The Tibetan Book Of The Dead
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📒The Tibetan Book Of The Dead ✍ Karma-gliṅ-pa
✏The Tibetan Book of the Dead Book Summary : Wolf Haas' Detective Brenner series has become wildly popular around the world for a reason: They're timely, edgy stories told in a wry, quirky voice that's often hilarious, and with a protagonist it's hard not to love. In this episode, Brenner-forced out of the police force-tries to get away from detective work by taking a job as the personal chauffeur for two-year-old Helena, the daughter of a Munich construction giant and a Viennese abortion doctor. One day, while Brenner's attention is turned to picking out a chocolate bar for Helena at a gas station, Helena gets snatched from the car. Abruptly out of a job, Brenner decides to investigate her disappearance on his own. With both parents in the public eye, there's no scarcity of leads-the father's latest development project has spurred public protest, and the mother's clinic has been targeted by the zealous leader of an anti-abortion group. Brenner and God is told with a dark humor that leaves no character, including Brenner, unscathed. Haas tells the story of a fallible hero who can be indecisive and world-weary, baffled and disillusioned by what he finds, but who presses forward nonetheless out of a stubborn sense of decency-a two-year-old is kidnapped, so you find her, because that's just what you do.
📒The Tibetan Book Of The Dead ✍ W. Y. Evans-Wentz
✏The Tibetan Book of the Dead Book Summary : The Tibetan Book of the Dead is one of the texts that, according to legend, Padma-Sambhava was compelled to hide during his visit to Tibet in the late 8th century. The guru hid his books in stones, lakes, and pillars because the Tibetans of that day and age were somehow unprepared for their teachings. Now, in the form of the ever-popular Tibetan Book of the Dead, these teachings are constantly being discovered and rediscovered by Western readers of many different backgrounds--a phenomenon which began in 1927 with Oxford's first edition of Dr. Evans-Wentz's landmark volume. While it is traditionally used as a mortuary text, to be read or recited in the presence of a dead or dying person, this book--which relates the whole experience of death and rebirth in three intermediate states of being--was originally understood as a guide not only for the dead but also for the living. As a contribution to the science of death and dying--not to mention the belief in life after death, or the belief in rebirth--The Tibetan Book of the Dead is unique among the sacred texts of the world, for its socio-cultural influence in this regard is without comparison. This fourth edition features a new foreword, afterword, and suggested further reading list by Donald S. Lopez, author of Prisoners of Shangri-La: Tibetan Buddhism and the West. Lopez traces the whole history of the late Evans-Wentz's three earlier editions of this book, fully considering the work of contributors to previous editions (C. G. Jung among them), the sections that were added by Evans-Wentz along the way, the questions surrounding the book's translation, and finally the volume's profound importance in engendering both popular and academic interest in the religion and culture of Tibet. Another key theme that Lopez addresses is the changing nature of this book's audience--from the prewar theosophists to the beat poets to the hippies to contemporary exponents of the hospice movement--and what these audiences have found (or sought) in its very old pages.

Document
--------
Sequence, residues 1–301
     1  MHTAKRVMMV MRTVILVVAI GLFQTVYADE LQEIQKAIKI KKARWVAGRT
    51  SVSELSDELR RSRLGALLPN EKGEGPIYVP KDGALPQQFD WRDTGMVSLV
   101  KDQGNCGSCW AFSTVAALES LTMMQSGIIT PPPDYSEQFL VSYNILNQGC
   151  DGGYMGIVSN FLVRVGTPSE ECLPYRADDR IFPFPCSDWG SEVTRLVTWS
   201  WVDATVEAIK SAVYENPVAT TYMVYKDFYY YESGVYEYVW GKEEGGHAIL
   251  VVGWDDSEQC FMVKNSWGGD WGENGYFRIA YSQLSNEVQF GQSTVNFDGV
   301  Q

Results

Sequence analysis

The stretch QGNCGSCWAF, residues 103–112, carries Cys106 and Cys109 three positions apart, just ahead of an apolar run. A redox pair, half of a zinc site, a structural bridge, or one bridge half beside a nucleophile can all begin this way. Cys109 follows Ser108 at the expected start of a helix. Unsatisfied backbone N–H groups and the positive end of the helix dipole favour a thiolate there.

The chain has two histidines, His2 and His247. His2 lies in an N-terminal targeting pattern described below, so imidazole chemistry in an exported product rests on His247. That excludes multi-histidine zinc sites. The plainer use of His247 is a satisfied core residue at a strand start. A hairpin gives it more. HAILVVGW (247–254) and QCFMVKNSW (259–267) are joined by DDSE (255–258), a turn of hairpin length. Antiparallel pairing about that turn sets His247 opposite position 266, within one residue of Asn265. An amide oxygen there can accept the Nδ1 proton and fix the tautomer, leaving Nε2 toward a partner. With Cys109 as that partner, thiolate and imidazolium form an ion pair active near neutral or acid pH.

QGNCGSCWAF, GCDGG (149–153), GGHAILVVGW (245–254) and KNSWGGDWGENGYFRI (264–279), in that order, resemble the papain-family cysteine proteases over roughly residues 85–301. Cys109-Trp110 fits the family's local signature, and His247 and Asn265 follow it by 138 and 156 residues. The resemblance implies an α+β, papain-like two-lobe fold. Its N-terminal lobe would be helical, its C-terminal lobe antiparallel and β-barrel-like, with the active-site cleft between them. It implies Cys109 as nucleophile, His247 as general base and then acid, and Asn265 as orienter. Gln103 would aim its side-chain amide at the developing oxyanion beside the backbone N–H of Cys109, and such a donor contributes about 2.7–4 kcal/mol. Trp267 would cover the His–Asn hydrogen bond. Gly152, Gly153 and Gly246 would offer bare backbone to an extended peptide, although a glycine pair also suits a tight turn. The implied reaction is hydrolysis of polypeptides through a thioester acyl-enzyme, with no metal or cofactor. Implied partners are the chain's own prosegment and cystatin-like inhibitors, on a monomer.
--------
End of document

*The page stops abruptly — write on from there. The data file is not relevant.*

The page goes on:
📒The Tibetan Book Of The Dead ✍ Donald S. Lopez Jr.
✏The Tibetan Book of the Dead Book Summary : The Tibetan Book of the Dead is the most famous Buddhist text in the West, having sold more than a million copies since it was first published in English in 1927. Carl Jung wrote a commentary on it, Timothy Leary redesigned it as a guidebook for an acid trip, and the Beatles quoted Leary's version in their song "Tomorrow Never Knows." More recently, the book has been adopted by the hospice movement, enshrined by Penguin Classics, and made into an audiobook read by Richard Gere. Yet, as acclaimed writer and scholar of Buddhism Donald Lopez writes, "The Tibetan Book of the Dead is not really Tibetan, it is not really a book, and it is not really about death." In this compelling introduction and short history, Lopez tells the strange story of how a relatively obscure and malleable collection of Buddhist texts of uncertain origin came to be so revered--and so misunderstood--in the West. The central character in this story is Walter Evans-Wentz (1878-1965), an eccentric scholar and spiritual seeker from Trenton, New Jersey, who, despite not knowing the Tibetan language and never visiting the country, crafted and named The Tibetan Book of the Dead. In fact, Lopez argues, Evans-Wentz's book is much more American than Tibetan, owing a greater debt to Theosophy and Madame Blavatsky than to the lamas of the Land of Snows. Indeed, Lopez suggests that the book's perennial appeal stems not only from its origins in magical and mysterious Tibet, but also from the way Evans-Wentz translated the text into the language of a very American spirituality.